Thursday, June 24, 2010

Making the most of winter

This afternoon three Royal Sovereign Spoonbills are on our beach at Te Haumi. These majestic creatures are not common in this country, a few having straggled across from Australia ages ago. But a small colony breeds at Okarito along with our own rare Kotuku or White Heron. And at this time of the year they move around the country a little but mainly in the south.
We don’t need these majestic visitors to remind ourselves that it is winter. Our little town is very quiet. Motels and restaurants are putting out bargain signs and the early evenings are coaxing us indoors to watch more television or read more books than usual.
It’s Matariki, of course, the beginning of the Maori year. It’s time in which skills are celebrated and generous meals shared from the last of the autumn harvests. The Gen-I Summit here last weekend shared such a meal last weekend and, by all accounts, was a great demonstration of the people preparing and presenting it.
Matariki is also a time for consolidating experience, a kind of “retreat” from the everyday with time to reflect and learn. Retreats are a universal tradition and deeply rooted in the bible. We have heard recently of Elijah’s 40 days and we know how retreat times were important for Jesus.
We should take these examples into our own lives and make the most of this precious time of the year. Its different demands on our lives and energies are a gift in our busy times, a time for re-Creation and refreshment.
Make the most of it!

Saturday, June 12, 2010

"Affordable Accommodation in Paradise"

Having posted this morning about our exciting DIY management programme I realise that our facilities in this parish have never been mentioned in this blog. I guess I, too, have "left it to the Manager..."
Suffice it to say that when the parish opted for Local Shared Ministry and sold the minister's house a fund was created which enabled the erection of a couple of two-bedroom holiday flats on the rear of the church property. The name would be Centre for Re-Creation. The vision was to provide free short breaks for people under stress.
To bring this about, we recognised a number of social service organisations; they send us their own clients for whom a few days' Time Out would be an advantage. These sponsors are asked to contribute a small fee as part of their commitment to the programme.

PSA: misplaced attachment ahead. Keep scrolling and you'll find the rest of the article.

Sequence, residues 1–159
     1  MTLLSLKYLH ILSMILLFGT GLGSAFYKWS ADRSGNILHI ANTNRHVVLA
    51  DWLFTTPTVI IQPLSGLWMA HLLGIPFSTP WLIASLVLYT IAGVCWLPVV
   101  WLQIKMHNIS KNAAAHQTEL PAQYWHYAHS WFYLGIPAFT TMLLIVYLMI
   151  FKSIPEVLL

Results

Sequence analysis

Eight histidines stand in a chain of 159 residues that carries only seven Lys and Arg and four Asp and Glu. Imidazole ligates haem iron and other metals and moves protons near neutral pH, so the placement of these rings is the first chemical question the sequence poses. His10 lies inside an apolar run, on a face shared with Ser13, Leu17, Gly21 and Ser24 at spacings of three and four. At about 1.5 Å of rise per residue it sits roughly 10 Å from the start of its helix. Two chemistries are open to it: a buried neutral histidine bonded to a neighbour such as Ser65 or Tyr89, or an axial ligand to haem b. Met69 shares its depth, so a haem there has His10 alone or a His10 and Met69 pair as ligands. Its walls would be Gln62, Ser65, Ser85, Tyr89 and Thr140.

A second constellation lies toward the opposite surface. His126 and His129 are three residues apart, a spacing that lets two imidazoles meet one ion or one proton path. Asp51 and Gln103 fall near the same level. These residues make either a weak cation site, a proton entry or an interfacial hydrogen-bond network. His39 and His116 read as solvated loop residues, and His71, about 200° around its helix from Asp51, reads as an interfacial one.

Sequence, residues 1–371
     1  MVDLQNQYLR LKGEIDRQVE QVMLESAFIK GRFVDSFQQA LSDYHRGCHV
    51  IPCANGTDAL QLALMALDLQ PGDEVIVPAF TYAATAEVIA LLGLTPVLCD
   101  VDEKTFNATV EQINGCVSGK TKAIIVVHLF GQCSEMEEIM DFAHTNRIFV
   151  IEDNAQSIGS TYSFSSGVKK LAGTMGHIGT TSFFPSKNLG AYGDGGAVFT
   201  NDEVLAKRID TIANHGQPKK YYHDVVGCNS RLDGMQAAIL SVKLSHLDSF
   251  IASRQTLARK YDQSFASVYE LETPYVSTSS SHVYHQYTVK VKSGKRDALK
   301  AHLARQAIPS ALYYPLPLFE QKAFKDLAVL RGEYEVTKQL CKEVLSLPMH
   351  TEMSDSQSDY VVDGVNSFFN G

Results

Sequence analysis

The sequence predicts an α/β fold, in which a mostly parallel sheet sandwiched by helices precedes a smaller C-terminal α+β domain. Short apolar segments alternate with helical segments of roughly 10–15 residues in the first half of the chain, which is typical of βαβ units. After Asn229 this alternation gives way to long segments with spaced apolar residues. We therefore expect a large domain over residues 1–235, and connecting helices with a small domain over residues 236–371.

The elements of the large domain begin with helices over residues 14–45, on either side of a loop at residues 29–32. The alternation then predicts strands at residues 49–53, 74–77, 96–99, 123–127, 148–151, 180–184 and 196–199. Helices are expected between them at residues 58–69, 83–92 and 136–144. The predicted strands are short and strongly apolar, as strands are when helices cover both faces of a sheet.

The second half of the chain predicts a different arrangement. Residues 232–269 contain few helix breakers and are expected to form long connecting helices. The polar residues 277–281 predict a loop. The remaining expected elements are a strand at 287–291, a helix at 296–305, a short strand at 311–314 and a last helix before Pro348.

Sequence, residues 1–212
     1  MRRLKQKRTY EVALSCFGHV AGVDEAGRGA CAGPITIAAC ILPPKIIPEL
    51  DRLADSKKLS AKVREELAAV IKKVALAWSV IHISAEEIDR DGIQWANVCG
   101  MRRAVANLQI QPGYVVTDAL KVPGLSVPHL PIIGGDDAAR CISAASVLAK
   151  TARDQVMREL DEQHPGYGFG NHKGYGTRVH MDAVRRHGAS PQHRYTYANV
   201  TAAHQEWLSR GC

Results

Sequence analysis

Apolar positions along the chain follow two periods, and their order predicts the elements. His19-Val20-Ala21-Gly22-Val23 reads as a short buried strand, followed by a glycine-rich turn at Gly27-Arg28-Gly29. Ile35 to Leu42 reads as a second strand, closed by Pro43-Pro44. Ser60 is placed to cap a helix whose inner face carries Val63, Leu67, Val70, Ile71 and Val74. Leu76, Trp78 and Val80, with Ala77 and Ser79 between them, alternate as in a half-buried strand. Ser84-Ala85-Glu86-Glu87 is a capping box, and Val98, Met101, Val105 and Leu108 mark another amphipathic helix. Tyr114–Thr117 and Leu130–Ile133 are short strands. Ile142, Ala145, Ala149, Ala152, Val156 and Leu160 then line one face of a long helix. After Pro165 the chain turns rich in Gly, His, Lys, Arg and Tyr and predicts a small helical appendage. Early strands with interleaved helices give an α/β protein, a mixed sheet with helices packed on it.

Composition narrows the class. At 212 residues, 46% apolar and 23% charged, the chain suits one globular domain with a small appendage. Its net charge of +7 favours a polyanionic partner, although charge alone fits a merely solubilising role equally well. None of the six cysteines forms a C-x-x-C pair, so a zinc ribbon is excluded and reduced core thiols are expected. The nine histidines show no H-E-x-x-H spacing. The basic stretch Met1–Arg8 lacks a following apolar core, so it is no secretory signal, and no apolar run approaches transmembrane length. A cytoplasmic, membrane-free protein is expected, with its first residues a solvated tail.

A modest number of paying guests provides the income stream that enables the programme to break even. But, in the last couple of years we have not enjoyed a good level of paid bookings. With that downturn and the cost of paid management, the losses are beginning to mount up.
So, like many a small congregation, whose financial commitments rise beyond their resources, we have to develop a new strategy. And, for the moment, that involves volunteers...
So that explains today's other post!

Visit the Centre

LSM in a different setting

After some years of paid management, our parish's holiday flats are currently being managed by a group of volunteers. Our manager resigned to take up a full-time position and, to carry it over the "low" season, Parish Council has taken over the operation itself.

  • Three or four of us are taking responsibility for specific aspects of day to day management
  • Members of out congregation are having to identify their own sense of mission in trying to provide free short breaks for stressed people in need of Time Out...
  • Members who have been standing back and leaving everything to the manager are coming forward and asking what they can do to help...
  • The sense of teamwork that existed between the Manager and the small management committee is being extended to a much wider group...
  • There's some controversy about exactly what to do in the changing economic circumstances but there's also lively and informed discussion as people get involved in the issues..

It's fascinating to see the parallels between this situation and that of a congregation exploring Local Shared Ministry as an alternative to paying a minister. In either case, there's an air of uncertainty about the future but, together, people put their energies and their faith to the test.